The Remedy of the Week: Five years time or five years' time?

Each week proofreader Hannah Jones discusses and offers a remedy to common problems we encounter when writing. Today she demonstrates the use of apostrophes with time periods.

A common stumbling block for many writers is whether to use an apostrophe in phrases such as five years time/five year's time. Which is the correct usage?

An apostrophe should be used in phrases where a time period modifies a noun (e.g. notice):

two weeks' notice

a month's holiday

five years' time

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The Remedy of the Week: Farther or further?

Farther or further?

Both farther and further may be used to mean 'at, to, or by a greater distance' (Oxford English Dictionary). They are equally correct and can be used interchangeably in examples such as these:

How much further is it?

I can't walk any farther.

Mary had travelled much further than John.

The toy shop is farther away than the bakery.

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The Remedy of the Week: Comma splices

Each week proofreader Hannah Jones discusses and offers a remedy to common problems we encounter when writing. Today she explains what comma splices are and how to avoid creating them.

What is a comma splice?

A comma splice (sometimes referred to as a run-on sentence) occurs when a comma is incorrectly used to link two independent clauses.

Unsure of what exactly constitutes an independent clause? Let's have a quick recap. An independent clause is one which can stand by itself as a sentence and expresses a complete thought.

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The Remedy of the Week: Dashes

Each week proofreader Hannah Jones discusses and offers a remedy to common problems we encounter when writing. Today she explains the difference between hyphens, en-rules and em-rules.

Types of dash

Not to be confused with hyphens (-), there are two main types of dash which each serve distinct purposes: the en-rule (–) and the em-rule (—). Historically based on the size of a capital M, an em-rule is twice the length of an en-rule.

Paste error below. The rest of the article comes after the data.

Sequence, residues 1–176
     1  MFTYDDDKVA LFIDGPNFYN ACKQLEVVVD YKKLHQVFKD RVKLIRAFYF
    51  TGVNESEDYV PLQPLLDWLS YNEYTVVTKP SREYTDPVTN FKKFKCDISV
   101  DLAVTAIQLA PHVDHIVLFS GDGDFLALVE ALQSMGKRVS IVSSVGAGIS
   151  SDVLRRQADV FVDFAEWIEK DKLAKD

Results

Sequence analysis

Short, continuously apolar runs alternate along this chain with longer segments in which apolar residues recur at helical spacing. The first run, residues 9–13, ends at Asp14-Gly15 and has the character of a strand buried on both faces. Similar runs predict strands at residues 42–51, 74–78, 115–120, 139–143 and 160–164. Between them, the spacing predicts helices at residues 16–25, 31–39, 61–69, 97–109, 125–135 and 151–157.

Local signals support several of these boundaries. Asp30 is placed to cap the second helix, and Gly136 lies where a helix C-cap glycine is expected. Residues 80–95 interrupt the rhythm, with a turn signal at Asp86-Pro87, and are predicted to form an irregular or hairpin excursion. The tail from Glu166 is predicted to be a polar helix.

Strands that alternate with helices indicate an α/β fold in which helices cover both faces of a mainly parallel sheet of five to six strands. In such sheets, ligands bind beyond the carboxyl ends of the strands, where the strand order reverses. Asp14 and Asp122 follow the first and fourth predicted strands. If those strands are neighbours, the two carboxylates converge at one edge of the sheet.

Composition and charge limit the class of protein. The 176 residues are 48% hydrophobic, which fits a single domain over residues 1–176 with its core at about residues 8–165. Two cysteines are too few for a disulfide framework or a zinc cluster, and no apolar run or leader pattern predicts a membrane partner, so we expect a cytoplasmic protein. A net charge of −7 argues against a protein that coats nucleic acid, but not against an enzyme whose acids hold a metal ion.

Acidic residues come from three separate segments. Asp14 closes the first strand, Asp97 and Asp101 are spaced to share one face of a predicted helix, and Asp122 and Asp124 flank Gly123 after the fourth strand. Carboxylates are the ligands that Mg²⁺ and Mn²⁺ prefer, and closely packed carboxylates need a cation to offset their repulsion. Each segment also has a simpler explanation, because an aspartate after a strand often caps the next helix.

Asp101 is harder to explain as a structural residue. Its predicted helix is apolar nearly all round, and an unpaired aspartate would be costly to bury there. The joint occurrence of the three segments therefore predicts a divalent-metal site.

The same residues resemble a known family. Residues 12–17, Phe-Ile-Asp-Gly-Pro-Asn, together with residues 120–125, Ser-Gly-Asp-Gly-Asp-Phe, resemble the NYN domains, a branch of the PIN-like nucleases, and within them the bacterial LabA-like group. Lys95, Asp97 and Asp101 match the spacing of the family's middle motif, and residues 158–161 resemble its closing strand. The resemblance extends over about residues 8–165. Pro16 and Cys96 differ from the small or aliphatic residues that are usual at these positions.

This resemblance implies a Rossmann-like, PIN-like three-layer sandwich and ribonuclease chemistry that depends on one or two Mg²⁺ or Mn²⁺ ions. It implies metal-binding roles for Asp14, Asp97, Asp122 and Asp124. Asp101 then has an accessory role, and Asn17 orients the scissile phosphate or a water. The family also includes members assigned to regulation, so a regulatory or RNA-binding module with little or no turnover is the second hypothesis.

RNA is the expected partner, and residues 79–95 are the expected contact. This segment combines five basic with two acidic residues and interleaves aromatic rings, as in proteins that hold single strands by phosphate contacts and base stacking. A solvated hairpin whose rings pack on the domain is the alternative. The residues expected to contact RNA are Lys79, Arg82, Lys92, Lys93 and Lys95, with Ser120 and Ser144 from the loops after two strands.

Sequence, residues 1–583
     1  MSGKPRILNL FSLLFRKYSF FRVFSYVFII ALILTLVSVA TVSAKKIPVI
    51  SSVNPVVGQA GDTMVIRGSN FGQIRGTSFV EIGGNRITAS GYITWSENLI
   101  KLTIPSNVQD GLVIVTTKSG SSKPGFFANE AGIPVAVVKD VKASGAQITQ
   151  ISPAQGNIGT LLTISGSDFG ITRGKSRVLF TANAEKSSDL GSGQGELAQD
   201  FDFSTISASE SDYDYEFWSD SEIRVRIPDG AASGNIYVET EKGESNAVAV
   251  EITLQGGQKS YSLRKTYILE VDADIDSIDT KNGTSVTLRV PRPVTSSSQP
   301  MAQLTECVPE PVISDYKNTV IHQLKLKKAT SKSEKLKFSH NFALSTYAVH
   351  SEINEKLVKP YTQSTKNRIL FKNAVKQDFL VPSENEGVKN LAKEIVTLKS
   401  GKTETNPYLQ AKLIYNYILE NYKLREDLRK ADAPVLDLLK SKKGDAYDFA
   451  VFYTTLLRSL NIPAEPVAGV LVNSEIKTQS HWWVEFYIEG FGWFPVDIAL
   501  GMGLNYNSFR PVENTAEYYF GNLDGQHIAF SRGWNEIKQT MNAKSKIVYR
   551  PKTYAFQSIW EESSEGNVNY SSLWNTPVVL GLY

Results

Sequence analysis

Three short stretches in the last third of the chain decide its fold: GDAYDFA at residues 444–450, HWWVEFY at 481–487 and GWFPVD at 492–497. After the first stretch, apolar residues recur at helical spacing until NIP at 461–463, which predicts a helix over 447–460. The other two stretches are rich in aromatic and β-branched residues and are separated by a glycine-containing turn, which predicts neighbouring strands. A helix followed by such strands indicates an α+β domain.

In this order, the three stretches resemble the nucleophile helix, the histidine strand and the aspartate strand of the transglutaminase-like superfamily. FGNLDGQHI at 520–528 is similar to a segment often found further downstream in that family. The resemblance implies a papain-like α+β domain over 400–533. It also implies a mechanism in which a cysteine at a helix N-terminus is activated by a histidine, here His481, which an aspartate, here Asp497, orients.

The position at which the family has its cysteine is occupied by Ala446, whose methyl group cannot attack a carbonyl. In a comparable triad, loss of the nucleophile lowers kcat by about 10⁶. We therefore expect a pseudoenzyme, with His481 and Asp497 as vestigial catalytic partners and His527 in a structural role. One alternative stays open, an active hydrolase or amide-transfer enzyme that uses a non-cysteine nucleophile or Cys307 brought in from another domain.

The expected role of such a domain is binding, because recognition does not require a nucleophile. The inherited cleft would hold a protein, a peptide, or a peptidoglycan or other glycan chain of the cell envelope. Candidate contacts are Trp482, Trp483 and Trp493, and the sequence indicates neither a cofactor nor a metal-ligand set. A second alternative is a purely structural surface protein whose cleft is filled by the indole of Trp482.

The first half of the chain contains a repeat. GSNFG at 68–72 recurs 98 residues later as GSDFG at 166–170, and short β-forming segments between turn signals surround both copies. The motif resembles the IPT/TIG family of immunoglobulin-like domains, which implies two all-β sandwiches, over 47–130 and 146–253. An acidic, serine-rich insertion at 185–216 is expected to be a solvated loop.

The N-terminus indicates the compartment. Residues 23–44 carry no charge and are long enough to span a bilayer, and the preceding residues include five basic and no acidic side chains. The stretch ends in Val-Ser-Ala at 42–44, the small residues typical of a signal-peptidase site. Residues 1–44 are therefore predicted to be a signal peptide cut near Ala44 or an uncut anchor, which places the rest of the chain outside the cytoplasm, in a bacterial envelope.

Punctuating sentences

While hyphens are used to link two or more words together (e.g. copy-editor) or to divide a word if it is too long to fit on a line, dashes can be used to punctuate sentences. The most common example of this is to set parenthetical matter – such as this – apart from the rest of the sentence. In this way, dashes can be used much like commas or brackets.

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The Remedy of the Week: How to use ellipses … effectively

Each week proofreader Hannah Jones discusses and offers a remedy to common problems we encounter when writing. Today she discusses perhaps the most suspenseful of punctuation marks … the ellipsis.

What is an ellipsis?

An ellipsis (from the Greek elleipsis meaning 'leave out') is a set of three, usually unspaced, dots (…). As the name suggests, these dots signify that a word or words have been intentionally omitted.

When should an ellipsis be used?

There are many occasions when ellipses can come in handy. Here are some of the most common uses – and some common pitfalls to avoid!

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The Remedy of the Week: i before e except after c?

Each week proofreader Hannah Jones discusses and offers a remedy to common problems we encounter when writing. Today she discusses i before e except after c and whether there are too many exceptions to prove the rule.

The 'rule'

i before e except after c is one of the most well-known spelling mnemonics, one that most people learning English encounter early on. However, it is also arguably one of the most misleading 'rules' as it has so many exceptions. So, how useful is it?

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The Remedy of the Week: Common misspellings

Each week proofreader Hannah Jones discusses and offers a remedy to common problems we encounter when writing. Today she gives advice on how to avoid some common misspellings.